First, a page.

Supplementary discipline? You mean the wheel that DoPS spins with reckless impunity that rarely ever seems to fit the crime?
Modernizing and centralizing video review? Which remains inconsistent and leads to more questions than answers at times? Where the cameras are still grainy for the large majority of the league and the angles don’t really make any sense?
Promoting offence, speed and skill, when the players themselves are the one playing the game and have brought talent to the league like no period ever before them has? It’s odd to try and claim credit for players developing themselves to be the best that they can be.
Campbell’s tenure with the NHL doesn’t really stand out as having revolutionized the game, as Bettman claims. Really, there are two things that he’s known for as an NHL exec: firstly, when Campbell’s emails got leaked in November of 2010, complaining to referees about their calls and trying to protect his son Gregory Campbell. It was clear he was trying to exert unprofessional influence – and one could assume that this had been going on for some time. Calling Marc Savard (who he coached in New York!) a “little fake artist” is definitely a choice.
Secondly, it’s worth remembering when Campbell tried to shame John Scott out of participating in the NHL All-Star game in 2016 after being voted in by fans. It was a massive feel-good story, getting the enforcer into the game where he earned MVP honours – but before then, had been mired in controversy as the league tried everything in their power to stop Scott from playing. Campbell trying to say that Scott’s kids would be embarrassed to see their dad in the NHL All-Star Game? Gregory wouldn’t even sniff the dressing room, thanks very much.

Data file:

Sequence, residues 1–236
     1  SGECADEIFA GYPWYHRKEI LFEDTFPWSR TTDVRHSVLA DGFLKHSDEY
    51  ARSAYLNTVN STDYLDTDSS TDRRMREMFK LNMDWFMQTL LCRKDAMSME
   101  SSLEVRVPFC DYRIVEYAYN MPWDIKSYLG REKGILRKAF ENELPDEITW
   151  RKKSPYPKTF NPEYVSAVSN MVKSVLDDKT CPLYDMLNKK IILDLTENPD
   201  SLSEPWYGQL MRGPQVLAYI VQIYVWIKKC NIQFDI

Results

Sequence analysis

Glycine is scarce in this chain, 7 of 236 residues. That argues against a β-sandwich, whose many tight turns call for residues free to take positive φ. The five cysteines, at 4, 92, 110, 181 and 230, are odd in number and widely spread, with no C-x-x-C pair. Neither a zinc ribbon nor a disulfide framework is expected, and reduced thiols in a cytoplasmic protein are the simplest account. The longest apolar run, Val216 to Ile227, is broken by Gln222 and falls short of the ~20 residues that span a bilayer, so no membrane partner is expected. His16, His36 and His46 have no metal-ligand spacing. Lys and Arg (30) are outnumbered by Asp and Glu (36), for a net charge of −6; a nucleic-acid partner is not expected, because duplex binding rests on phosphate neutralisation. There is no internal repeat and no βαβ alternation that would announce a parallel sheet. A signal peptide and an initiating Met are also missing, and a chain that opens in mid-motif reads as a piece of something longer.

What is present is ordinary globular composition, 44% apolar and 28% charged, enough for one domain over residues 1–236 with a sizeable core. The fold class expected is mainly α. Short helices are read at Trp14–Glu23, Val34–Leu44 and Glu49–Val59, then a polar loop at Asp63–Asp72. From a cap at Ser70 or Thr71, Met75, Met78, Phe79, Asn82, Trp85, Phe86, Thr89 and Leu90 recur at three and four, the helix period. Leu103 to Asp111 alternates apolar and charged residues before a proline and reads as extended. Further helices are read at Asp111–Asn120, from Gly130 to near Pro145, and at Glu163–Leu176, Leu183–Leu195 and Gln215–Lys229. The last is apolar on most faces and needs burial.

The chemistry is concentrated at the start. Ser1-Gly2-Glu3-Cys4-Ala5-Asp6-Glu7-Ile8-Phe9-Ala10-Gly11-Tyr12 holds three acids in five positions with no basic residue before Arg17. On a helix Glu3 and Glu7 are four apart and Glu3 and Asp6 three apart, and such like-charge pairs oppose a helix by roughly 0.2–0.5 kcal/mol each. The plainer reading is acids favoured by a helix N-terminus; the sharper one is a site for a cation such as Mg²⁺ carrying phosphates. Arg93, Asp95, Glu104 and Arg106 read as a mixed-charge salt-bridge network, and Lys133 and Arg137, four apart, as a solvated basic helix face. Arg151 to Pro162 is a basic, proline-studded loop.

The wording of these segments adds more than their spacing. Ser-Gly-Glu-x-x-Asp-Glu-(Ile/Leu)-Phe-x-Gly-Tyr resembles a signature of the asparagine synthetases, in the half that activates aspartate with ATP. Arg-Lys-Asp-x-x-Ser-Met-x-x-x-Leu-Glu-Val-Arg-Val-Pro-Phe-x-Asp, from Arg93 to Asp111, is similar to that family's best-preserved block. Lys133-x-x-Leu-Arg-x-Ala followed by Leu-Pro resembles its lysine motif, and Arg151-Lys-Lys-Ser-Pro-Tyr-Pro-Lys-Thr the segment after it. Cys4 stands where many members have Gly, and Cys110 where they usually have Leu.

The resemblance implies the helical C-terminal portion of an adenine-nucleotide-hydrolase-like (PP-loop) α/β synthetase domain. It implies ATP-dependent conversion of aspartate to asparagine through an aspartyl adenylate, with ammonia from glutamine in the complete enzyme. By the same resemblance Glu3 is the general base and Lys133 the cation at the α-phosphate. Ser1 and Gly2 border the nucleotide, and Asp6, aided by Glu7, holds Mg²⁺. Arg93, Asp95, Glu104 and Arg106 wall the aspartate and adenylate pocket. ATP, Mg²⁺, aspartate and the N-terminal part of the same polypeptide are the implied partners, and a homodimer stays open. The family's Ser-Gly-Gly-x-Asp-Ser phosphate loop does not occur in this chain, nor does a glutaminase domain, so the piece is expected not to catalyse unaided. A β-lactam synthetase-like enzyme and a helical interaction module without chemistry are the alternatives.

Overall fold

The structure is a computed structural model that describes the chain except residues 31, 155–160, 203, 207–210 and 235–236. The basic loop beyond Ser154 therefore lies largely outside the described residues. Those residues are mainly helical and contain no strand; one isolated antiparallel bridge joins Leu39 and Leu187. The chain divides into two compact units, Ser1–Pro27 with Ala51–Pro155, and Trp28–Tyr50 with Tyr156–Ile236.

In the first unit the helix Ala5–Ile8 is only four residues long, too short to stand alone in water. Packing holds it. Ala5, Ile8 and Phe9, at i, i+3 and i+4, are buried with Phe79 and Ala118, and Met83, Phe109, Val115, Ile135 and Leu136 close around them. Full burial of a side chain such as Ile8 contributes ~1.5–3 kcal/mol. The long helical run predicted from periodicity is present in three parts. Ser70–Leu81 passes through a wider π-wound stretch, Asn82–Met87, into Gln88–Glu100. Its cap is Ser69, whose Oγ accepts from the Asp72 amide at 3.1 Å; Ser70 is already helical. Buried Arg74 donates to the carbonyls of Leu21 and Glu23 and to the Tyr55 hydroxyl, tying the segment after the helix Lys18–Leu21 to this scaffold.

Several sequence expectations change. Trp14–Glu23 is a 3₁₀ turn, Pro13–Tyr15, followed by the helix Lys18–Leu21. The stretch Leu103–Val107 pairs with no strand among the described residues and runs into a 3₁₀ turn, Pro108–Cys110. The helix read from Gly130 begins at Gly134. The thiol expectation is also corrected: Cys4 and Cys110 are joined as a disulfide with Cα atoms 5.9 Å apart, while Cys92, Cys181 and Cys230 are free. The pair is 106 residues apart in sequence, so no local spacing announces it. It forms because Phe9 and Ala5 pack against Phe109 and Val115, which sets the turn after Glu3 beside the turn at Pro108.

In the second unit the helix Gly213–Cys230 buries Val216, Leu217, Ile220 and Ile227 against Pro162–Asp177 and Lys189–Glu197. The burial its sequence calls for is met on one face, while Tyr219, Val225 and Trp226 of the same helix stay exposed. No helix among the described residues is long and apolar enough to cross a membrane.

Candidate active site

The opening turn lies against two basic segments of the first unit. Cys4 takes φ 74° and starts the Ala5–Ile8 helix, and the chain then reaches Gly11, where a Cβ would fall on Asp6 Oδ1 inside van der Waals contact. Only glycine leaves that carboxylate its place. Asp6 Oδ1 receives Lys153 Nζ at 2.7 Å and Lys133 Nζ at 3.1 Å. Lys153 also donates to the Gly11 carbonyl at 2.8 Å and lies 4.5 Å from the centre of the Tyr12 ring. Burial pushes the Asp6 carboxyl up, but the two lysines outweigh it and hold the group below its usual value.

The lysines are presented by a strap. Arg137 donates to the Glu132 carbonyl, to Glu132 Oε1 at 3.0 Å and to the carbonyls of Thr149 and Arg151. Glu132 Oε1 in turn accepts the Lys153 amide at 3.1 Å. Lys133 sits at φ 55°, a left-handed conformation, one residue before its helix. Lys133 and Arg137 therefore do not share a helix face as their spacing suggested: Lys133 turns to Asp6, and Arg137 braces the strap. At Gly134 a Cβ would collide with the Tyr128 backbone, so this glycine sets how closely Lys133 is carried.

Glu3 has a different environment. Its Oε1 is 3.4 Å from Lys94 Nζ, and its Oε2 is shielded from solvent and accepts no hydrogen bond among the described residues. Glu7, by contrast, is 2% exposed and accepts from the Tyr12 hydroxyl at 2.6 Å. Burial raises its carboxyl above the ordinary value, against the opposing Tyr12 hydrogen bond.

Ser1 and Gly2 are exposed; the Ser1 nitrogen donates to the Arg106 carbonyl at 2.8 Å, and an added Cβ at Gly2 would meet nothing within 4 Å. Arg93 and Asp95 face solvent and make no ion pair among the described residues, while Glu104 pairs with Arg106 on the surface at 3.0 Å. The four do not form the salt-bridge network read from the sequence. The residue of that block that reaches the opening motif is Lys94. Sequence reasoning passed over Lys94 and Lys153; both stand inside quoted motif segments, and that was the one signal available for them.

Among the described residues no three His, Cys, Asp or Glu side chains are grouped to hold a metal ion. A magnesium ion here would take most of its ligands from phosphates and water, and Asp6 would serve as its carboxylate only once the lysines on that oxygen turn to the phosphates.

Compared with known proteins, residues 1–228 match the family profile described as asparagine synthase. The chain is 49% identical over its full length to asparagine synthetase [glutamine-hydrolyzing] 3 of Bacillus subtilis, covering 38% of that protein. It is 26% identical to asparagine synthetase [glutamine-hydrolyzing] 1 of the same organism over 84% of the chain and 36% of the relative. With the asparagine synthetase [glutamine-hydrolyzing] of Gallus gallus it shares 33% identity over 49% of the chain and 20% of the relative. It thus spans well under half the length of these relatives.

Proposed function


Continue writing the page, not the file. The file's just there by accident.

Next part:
Looking at the facts, it’s clear and obvious that Colin Campbell was an unremarkable player, coach, and executive – and if he was remembered, it wasn’t for doing good for the game of hockey. So why is he in the Hockey Hall of Fame?
Easy. He’s part of the old boys club. He sat on the HHOF committee for 15 years. Bettman clearly adores him. That’s all it takes, apparently. Tow the party line, get paid.
It’s infuriating that a man like Campbell is enshrined in the Hall of Fame, especially at the expense of more well-deserving people. There is no world where Campbell is more deserving than Jennifer Botterill, three-time Olympic gold medallist and 5-time world champion who was instrumental in Canada’s dominance in women’s hockey. There is no world where Campbell is more deserving than Alex Mogilny, who pioneered Eastern Bloc defectors and faced down the wrath of the USSR to become one of the best goal-scorers of the game, the first Russian to be an NHL captain and the first Russian All-Star.
There is no world where Campbell is more deserving than Curtis Joseph, Olympic gold medallist and seventh all-time in NHL wins. There is no world where Campbell is more deserving than Rod Brind’Amour, whose playing career far exceeds anything Campbell has done in all his years of hockey alone, not even discussing Brind’Amour’s trajectory as a head coach with the team he captained to a Stanley Cup.
“In my time in the game, no one has better defined the term “builder,” and no one more richly deserves the call to the Hockey Hall of Fame,” Bettman said.
So many more people than Colin Campbell who deserve to be in the Hockey Hall of Fame. The only things that he has built are castles in sand.